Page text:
So yesterday during my Hour of Adoration I read the first part of the Book of Revelation. The vicious dragon and his minions; the horsemen of war and plague and famine; the Beast coming up from the sea... In the light of the newspaper headlines, this mystifying book seemed less symbolic and more realistic than ever before. No wonder it was considered a book of consolation for the (then as now) struggling Christian communities in the Middle East! John the visionary takes us back and forth between the unceasing praise and peace surrounding the throne and the violence still playing out on the earth. The saints and angels already participate in the victory of the Lamb, already won, already in effect: and so do we, especially at Mass (which is its own kind of apocalypse, or "unveiling," of that present but hidden reality: pay attention to the prayer that leads into our "Holy! Holy! Holy!"--a prayer that comes to us in part from the Book of Revelation).
|"Introduce a little anarchy. Upset the established order,|
and everything becomes chaos."
Technically, we Christians should be doing all we can to not "provoke" but "invoke" the Second Coming. We pray for it three times a day in the liturgy: "Thy Kingdom come!" We'll insistently beg for it during the fast-approaching season of Advent: "Maranatha! Come, Lord Jesus!"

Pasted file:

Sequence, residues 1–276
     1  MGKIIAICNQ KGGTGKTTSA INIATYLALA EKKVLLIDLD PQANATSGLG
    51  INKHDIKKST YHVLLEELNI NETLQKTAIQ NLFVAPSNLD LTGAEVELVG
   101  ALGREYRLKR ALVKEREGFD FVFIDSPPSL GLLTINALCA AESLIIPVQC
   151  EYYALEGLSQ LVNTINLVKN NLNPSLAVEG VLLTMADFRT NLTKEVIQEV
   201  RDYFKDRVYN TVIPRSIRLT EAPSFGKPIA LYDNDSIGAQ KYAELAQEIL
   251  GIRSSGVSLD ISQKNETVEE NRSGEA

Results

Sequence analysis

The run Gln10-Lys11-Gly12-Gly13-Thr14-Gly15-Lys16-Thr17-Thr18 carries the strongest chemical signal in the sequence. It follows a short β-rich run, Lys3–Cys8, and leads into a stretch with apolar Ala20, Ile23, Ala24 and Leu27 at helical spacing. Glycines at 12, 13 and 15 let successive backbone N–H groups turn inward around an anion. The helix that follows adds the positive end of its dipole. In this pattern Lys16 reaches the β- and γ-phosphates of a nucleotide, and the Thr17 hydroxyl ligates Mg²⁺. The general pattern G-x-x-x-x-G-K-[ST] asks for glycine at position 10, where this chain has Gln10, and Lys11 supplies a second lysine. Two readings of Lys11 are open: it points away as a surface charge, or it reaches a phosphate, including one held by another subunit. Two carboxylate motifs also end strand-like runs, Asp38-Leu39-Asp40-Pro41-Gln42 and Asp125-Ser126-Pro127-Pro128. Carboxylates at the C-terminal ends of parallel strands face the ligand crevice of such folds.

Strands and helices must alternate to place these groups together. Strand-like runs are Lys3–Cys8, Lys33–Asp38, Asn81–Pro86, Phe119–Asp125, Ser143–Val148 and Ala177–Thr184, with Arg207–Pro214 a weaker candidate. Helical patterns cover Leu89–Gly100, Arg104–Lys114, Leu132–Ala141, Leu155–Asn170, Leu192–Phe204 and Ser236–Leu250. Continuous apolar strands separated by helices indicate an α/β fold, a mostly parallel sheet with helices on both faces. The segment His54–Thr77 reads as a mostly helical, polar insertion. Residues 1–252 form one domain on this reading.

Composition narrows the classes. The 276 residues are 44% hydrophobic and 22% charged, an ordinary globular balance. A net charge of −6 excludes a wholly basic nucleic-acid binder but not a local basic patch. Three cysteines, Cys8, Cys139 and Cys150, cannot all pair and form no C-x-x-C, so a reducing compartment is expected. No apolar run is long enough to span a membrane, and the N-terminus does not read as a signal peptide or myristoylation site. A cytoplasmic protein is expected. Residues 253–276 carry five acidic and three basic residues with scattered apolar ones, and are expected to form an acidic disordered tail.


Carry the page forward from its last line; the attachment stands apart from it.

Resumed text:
It struck me this morning, praying my Rosary in the brisk (okay, really cold) autumn air. I usually add the Fatima prayer between decades: "O my Jesus, forgive us our sins; save us from the fires of hell; lead all souls to Heaven, especially those in most need of Thy mercy." You don't need to be too theologically subtle to suspect that about now "those in most need" of that Divine Mercy are the bloodthirsty ideologues who delight in sowing chaos where it is least expected to erupt. May the Lord grant us the grace to actually pray for them.
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In addition to the Atlantic piece, here are a couple of other insightful articles. I can't say I agree with every word (I don't really know enough about Islam or world history to begin to weigh in), but they offer some perspectives that are often missing in the mainstream media:
- 4 Ways ISIS Grounds Its Action in Religion--and Why That Matters
- Where Does It Hurt, O City of Light?
- Spreading the Blame: the West's Exporting of Jihad This post dates back to January and reflects a philosopher's critique. To his credit, the writer is equally challenging to positions of right-wing and left-wing, though in this article it may be those on the right who feel the sting a bit more.